10mboostforchildcareeducation
27 Apr 2012

$10m boost for childcare education

For anyone thinking of becoming a childcare teacher, now's the time to do so.

OSU

For anyone thinking of becoming a childcare teacher, now's the time to do so.

Yesterday, the Ministry of Community Development, Youth and Sports (MCYS) said it would commit close to $10 million for scholarships and teaching awards in the sector over the next two years.

To attract new teachers, MCYS will offer up to 600 new scholarships that target students who have yet to enter the industry but who want to embark on a childcare career. Current scholarships schemes are focused mostly on part-time training for existing childcare teachers.

With this, the ministry hopes that more people will become childcare teachers, besides raising the quality of the childcare industry.

Mr Chan Chun Sing, the Acting Minister for Community Development, Youth and Sports, said that although the sector was seeing an increase in the number of teachers in recent years, there was still a need to ensure an adequate supply of trained teachers for the next phase of expansion.

Some 200 new childcare centres will be built over the next five years.

'The quality of our childcare centres is only as good as the principals, teachers, administrators and support staff who run them,' said Mr Chan, who was speaking at the opening of a childcare conference at Concorde Hotel organised by EtonHouse, an international education group.

Last year about 3,500 new teachers joined the sector. Manpower in the sector increased by 25 per cent, and the attrition rate dropped from 15 to 13 per cent.

The first new scholarship is the full-time diploma scholarship in Early Childhood Care and Education (Teaching). Eighty scholarships will be made available yearly for courses at Ngee Ann Polytechnic and Temasek Polytechnic.

For outstanding students who want to proceed to a degree course immediately after completing their diplomas, MCYS will also offer 15 scholarships a year for the new Bachelor of Science in Early Childhood Education degree programme.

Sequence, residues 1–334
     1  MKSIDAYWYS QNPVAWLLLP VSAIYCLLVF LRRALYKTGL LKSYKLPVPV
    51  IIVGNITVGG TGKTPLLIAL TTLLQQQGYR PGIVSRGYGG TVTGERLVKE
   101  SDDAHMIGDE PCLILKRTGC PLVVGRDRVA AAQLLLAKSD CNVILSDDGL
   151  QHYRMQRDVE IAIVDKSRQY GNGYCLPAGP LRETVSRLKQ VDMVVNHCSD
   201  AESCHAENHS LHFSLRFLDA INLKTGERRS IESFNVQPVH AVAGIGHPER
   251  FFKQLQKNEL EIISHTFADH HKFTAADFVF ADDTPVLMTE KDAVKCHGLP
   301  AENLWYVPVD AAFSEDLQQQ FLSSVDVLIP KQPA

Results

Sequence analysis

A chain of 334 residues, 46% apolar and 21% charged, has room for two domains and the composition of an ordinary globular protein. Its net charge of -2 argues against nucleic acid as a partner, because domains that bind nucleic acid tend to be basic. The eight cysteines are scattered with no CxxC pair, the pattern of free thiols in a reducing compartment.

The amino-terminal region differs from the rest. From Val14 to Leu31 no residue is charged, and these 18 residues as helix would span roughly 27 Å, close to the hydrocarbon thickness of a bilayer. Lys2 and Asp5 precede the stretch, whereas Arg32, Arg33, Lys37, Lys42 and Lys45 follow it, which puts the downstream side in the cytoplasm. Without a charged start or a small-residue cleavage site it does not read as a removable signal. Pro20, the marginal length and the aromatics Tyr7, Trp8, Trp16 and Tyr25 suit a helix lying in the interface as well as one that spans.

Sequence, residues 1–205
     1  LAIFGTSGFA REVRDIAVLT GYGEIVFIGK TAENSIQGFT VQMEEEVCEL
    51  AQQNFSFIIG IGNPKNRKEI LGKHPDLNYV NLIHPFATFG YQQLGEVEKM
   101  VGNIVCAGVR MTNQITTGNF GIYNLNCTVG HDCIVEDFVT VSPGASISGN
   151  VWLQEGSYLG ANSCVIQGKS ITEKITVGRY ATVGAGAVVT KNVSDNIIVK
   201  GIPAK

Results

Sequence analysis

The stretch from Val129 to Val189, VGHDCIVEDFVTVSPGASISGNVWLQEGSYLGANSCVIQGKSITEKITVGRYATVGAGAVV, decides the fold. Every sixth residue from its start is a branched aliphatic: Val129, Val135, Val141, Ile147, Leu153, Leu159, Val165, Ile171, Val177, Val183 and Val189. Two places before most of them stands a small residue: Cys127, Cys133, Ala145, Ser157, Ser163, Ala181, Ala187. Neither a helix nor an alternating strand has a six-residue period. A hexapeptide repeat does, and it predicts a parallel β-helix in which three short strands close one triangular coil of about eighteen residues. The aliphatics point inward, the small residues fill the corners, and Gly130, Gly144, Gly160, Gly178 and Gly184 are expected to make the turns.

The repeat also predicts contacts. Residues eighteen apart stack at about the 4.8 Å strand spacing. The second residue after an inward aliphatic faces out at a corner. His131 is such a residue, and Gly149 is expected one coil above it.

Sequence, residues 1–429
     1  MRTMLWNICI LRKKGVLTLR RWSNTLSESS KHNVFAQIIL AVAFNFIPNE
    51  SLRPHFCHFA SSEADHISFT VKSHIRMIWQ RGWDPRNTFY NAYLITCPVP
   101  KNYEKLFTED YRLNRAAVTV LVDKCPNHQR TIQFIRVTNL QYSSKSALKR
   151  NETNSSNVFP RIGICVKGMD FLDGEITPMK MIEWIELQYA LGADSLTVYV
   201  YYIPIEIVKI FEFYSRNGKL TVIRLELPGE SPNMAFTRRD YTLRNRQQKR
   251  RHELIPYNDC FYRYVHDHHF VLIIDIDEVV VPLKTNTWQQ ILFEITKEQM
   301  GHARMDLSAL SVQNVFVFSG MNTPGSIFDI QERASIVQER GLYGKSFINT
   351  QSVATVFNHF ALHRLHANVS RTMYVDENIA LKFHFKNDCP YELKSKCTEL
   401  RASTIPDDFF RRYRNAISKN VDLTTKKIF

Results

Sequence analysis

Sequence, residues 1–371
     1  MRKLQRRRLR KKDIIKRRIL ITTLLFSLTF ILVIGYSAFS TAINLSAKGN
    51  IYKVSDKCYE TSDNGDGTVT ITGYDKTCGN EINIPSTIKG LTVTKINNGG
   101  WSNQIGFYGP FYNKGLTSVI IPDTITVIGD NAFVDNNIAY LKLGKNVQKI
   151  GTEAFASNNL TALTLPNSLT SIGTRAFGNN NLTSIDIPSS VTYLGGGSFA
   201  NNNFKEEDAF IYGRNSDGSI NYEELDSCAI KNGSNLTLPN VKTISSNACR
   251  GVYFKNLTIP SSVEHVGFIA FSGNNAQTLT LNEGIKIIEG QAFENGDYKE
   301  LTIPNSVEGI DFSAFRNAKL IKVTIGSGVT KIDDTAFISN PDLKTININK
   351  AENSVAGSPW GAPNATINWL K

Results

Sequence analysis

This programme is offered by the Singapore Institute of Technology, in collaboration with Wheelock College, an American institution.

There will also be greater flexibility in the eligibility criteria for existing part-time diploma scholarships, MCYS said. Teachers will no longer need to be in service for one year before they can apply for scholarships.

And to promote professional development in the industry, there will be scholarships for a part-time diploma in Early Childhood Care and Education (Leadership), for those who wish to take on leadership roles.

Teaching awards for specialist courses, starting with a Certificate in Teaching of Music and Movement conducted by Republic Polytechnic, are also included in the package.

For part-time childcare teacher Ong Pei Qi, 20, who graduated with a diploma in Early Childhood Education from Ngee Ann Polytechnic, going for the degree programme was a natural choice.

'The additional knowledge and exposure gained from the degree programme will increase my confidence in being a better teacher,' said Ms Ong.

Mrs Ng Gim Choo, managing director of EtonHouse which has 300 childcare teachers, welcomed the new measures.

Said Mrs Ng, 60: 'It is difficult to hire teachers because the job is demanding.'

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